Mathematicians working for government agencies or private firms usually have structured work schedules. They may work alone, in a small group of mathematicians, or as an integral part of a team that includes engineers, computer scientists, physicists, technicians, and others. Deadlines, overtime work, special requests for information or analysis, and travel to attend seminars or conferences may be part of their jobs.

Mathematics faculty have flexible work schedules, dividing their time among teaching, research, consulting, and administrative responsibilities.

Mathematicians held about 16,000 jobs in 1992. In addition, about 16,000 persons held mathematics faculty positions in colleges and universities, according to the American Mathematical Society. (See the statement on college and university faculty elsewhere in the Handbook.)

Most nonfaculty mathematicians work in the government and in service and manufacturing industries. The Department of Defense is the primary Federal employer of mathematicians; more than three-fourths of the mathematicians employed by the Federal Government work for the Navy, Army, or Air Force. A significant number of mathematicians also work in State governments. In the private sector, major employers within services industries include research and testing services, educational services, and computer and data processing services. Within manufacturing, the aircraft, chemicals, and computer and office equipment industries are key employers. Some mathematicians also work for banks, insurance companies, and public utilities.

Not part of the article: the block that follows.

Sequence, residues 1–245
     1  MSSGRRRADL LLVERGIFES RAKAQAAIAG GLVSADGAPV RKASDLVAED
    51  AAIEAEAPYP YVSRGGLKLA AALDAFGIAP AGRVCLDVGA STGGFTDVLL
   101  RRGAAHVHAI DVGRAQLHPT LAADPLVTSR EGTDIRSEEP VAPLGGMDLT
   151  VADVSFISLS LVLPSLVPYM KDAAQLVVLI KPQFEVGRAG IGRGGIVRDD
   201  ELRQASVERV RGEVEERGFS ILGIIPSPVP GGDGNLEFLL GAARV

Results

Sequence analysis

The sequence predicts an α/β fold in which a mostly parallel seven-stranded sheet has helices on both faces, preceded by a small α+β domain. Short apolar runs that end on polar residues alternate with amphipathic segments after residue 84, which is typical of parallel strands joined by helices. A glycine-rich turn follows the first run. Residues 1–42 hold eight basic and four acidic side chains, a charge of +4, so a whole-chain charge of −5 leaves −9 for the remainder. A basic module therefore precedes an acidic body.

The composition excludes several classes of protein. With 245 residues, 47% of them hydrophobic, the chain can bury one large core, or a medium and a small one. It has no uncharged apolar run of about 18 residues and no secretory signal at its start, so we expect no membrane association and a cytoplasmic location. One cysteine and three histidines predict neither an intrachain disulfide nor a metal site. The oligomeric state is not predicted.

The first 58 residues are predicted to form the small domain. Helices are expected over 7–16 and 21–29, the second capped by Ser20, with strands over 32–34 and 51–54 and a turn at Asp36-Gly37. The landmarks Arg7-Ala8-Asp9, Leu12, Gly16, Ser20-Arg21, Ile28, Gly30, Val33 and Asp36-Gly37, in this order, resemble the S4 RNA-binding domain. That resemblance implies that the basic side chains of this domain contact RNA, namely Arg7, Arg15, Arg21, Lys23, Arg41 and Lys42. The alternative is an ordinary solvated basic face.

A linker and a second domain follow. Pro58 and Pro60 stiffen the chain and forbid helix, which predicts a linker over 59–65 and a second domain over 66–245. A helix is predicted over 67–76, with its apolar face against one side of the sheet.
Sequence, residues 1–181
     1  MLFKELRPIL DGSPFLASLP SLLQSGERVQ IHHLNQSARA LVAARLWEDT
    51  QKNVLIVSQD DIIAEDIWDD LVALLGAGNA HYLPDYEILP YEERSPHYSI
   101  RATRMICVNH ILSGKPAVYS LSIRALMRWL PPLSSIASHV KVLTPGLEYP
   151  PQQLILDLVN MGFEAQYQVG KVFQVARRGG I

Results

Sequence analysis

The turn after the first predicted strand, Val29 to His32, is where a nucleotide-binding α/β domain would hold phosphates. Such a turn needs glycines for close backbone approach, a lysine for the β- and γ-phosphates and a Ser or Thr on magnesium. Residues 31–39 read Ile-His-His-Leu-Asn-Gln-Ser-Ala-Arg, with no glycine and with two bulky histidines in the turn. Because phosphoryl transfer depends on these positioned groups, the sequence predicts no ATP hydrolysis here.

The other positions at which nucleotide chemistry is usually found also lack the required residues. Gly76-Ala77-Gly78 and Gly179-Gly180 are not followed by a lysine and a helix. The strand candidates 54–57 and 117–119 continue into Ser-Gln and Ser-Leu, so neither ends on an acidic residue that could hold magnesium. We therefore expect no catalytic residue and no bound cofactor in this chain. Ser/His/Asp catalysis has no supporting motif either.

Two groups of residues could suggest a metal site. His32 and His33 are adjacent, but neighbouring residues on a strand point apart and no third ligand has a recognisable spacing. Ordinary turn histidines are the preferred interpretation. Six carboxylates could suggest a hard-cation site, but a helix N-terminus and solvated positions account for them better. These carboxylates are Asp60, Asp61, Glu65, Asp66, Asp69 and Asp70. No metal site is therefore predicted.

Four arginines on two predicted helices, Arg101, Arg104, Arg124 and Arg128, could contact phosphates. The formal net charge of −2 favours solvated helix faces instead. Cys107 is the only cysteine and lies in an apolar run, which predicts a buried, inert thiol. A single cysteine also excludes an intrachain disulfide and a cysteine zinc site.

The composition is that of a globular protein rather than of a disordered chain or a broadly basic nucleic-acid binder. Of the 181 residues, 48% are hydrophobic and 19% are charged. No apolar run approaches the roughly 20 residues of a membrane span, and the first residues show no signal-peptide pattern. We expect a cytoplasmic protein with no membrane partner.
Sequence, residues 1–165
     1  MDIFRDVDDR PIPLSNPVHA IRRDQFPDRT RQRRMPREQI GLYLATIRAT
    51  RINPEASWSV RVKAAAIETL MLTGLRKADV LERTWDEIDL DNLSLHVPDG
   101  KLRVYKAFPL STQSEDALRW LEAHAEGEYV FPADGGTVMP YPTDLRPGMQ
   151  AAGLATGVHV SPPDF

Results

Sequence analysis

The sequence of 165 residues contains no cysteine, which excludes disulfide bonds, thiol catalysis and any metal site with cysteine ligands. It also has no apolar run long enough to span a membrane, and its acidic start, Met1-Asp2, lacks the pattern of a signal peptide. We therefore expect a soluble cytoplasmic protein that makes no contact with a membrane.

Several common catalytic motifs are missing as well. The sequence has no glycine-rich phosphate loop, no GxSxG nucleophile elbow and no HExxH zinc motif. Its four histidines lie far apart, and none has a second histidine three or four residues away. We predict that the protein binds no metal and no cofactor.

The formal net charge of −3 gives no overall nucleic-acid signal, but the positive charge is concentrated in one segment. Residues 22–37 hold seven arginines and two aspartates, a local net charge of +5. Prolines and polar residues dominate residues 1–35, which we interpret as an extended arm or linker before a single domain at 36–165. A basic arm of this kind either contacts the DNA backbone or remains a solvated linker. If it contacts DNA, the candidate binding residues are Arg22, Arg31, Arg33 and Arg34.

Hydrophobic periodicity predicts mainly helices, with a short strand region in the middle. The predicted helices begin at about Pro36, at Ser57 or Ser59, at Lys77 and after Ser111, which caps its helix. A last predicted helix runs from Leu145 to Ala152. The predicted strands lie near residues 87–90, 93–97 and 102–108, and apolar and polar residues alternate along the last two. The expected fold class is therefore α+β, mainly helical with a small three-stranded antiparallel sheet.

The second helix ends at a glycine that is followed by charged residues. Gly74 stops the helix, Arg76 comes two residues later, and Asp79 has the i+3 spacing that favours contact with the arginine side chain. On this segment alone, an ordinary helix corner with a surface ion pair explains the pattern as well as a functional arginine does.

A bachelor's degree in mathematics is the minimum education needed for prospective mathematicians. A master's degree in mathematics is sufficient preparation for some research positions and for teaching jobs in many junior or community colleges and in some small 4-year colleges. However, in most 4-year colleges and universities, as well as in many research and development positions in private industry, a doctoral degree is necessary.

In the Federal Government, entry-level job candidates usually must have a 4-year degree with a major in mathematics or a 4-year degree with the equivalent of a mathematics major 24 semester hours of mathematics courses.

In private industry, job candidates generally need a master's degree to obtain jobs as mathematicians. The majority of bachelor's and master's degree holders in private industry work, not as mathematicians, but in related fields such as computer science, where they are called computer programmers, systems analysts, or systems engineers.